The Hudson High School newspaper, The Pirate Press, won 28 awards from the Iowa High School Press Association. Hudson won three award in the Illustration/Art category. An Award of Excellence went to senior Alexis Mosley, 2nd place to 2014 […]
Olivia Griffith, a recent graduate of Hudson High School, has received an award for “Outstanding Achievement in a Leading Role” for her performance as Belle in Hudson High School’s production of Disney’s Beauty and the Beast. This honor has […]
On May 6th, at the Senior Awards Assembly, the Hudson Educational Fund awarded 37 scholarships to 31 deserving students for a total of $21,400. Thank you to our generous HEF donors who continue to impact the futures of so many […]
Students from Mr. Haskovec’ Social Studies classroom wrapped their National History Day (NHD) projects with state competition which was held at the Iowa Events Center in Des Moines. The 7th and 8th grade were represented by 23 state qualifiers, competing […]
WATERLOO – The 17th Annual Mayors’ Top Teen Awards and Mother Moon Service Scholarships were presented by the Volunteer Center of Cedar Valley on Tuesday evening at the Five Sullivan Brothers Convention Center. The awards program, which recognizes outstanding youth […]
Today the 4th Grade TAG students prepared a program for the official Arbor Day celebration. Hudson has been a tree city for over 30 years. The Arbor Day association donates two dollars for every citizen in Hudson For the city of […]
Voss Blog Log
Education in Iowa Public Schools
Dr. Anthony D. Voss, Superintendent of Schools
What's next? Well, the most obvious is increasing class sizes in the elementary and sharing even more positions. Some schools share music and art teachers. I have had several solicitations from neighbors wanting to share these programs over the last couple of years. Any of these actions or those mentioned above will certainly create efficiencies--but very likely at the cost of effectiveness.
We are already on the cusp of a teacher shortage in many areas. Because we are so close to UNI there is a bit of shelter from this shortage. But those Career and Technical Education (CTE) programs that we are sharing that were mentioned above? Part of the reason we are sharing them with other districts is because there are no applicants for our positions. Admittedly it is more difficult to fill part time positions, but if teachers are not doing it for the money it shouldn't matter, right?
So I ask again, would you rather we hire the best teacher we can find, or the one that will work for $28,000? As much as teachers love their work, they are going to be smart about it. If they can do the same job at another school district (or another state) and earn more money, they are probably going to do it. We wouldn't blame them. It is called market demand.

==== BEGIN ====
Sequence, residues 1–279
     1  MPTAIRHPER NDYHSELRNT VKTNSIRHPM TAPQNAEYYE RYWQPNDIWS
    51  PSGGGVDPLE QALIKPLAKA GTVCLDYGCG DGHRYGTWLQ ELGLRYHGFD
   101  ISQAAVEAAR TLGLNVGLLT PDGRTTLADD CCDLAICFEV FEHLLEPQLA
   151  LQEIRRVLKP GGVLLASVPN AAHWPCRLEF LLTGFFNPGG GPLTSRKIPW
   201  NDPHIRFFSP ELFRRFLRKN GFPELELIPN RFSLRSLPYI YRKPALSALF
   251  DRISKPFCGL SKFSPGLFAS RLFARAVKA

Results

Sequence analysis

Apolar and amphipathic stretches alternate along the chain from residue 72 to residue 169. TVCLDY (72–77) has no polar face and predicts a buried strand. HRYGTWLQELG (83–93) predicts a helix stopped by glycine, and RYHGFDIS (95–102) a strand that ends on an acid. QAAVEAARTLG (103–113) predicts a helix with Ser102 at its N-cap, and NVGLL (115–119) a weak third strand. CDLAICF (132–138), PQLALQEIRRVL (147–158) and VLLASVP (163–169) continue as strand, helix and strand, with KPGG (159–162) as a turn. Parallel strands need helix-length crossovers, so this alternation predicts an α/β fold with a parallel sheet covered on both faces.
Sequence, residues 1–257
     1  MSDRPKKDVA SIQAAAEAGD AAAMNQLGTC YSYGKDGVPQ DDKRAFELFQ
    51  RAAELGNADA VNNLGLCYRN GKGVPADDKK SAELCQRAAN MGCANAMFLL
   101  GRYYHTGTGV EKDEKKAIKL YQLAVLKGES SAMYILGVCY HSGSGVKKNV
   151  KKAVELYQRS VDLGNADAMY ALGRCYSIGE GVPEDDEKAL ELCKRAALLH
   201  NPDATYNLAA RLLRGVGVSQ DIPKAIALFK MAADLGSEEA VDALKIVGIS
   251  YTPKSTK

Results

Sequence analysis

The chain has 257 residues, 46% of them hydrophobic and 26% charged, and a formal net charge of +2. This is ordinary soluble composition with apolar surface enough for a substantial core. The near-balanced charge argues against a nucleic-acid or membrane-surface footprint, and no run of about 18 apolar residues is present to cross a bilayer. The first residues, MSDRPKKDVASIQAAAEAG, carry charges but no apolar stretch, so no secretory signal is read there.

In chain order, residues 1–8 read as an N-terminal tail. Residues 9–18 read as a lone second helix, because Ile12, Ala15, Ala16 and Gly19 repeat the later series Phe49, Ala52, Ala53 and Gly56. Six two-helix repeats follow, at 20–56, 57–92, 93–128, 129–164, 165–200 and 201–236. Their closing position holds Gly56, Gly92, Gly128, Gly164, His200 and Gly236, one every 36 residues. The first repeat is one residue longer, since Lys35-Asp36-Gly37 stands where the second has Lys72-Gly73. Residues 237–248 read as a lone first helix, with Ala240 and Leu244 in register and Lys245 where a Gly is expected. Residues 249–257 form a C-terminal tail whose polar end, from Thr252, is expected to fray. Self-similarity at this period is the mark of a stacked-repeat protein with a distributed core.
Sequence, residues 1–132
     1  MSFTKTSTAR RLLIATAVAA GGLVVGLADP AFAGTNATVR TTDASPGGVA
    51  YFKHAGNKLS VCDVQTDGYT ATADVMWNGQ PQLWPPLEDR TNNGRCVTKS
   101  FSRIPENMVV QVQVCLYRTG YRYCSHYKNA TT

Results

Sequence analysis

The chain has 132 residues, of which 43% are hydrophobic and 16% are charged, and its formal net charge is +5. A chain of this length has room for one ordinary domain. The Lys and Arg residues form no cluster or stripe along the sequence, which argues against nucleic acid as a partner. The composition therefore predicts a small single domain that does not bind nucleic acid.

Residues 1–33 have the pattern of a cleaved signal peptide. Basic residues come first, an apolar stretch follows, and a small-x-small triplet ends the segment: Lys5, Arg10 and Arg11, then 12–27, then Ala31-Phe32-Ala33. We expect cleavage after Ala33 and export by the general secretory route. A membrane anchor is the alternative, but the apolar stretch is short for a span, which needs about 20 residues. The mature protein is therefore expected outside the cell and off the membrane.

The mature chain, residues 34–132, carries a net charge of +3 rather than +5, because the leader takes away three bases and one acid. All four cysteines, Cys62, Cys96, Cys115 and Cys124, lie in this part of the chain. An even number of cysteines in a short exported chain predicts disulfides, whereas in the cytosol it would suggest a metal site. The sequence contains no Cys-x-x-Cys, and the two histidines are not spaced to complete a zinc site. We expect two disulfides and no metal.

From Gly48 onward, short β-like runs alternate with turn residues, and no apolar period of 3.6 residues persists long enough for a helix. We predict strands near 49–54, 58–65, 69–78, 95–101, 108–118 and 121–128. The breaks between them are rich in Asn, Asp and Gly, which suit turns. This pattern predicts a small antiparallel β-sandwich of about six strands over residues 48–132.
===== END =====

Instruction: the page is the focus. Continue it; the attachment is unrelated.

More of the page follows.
With us now looking at less summer in front of us than behind us, I thought it might be kind of fun to give you an update on the status of a few projects we are currently working on and anticipate having finished by the start of the school year. We'll round out this week's blog with plans for this fall as they relate to staffing levels when the students return.
The most striking and visible project that you have probably noticed is the relighting of the football field. This project replaces the old wood poles and light fixtures that been the mainstay of our stadium for decades. You may recall just a few years back the trouble we had with one of the fixtures on the Southeast pole that had a tendency to blink on and off in the middle of football games! A huge upgrade, this will address safety concerns with the high voltage wires that had draped between the poles and ensure a safer way to light the field. In addition, it will even out the light around the field and increase it to IHSAA standards. The lighting on the field was uneven and in some places as low as 7 foot-candles! The standard for Iowa fields is 30! We anticipate this project will be complete by August 7th.
Less noticeable are some of the upgrades that are occurring inside the school. For example, we have begun to shift more attention to the elementary school this summer as well. The big project that is being tackled right now is the renovation of the restrooms in the 5th and 6th grade wing. All the floor, tile, and ceiling is being replaced along with the fixtures in these spaces. The fixtures are all being replaced with new automatic functionality and ventilation. This project should be finished well in advance of the start of the school year.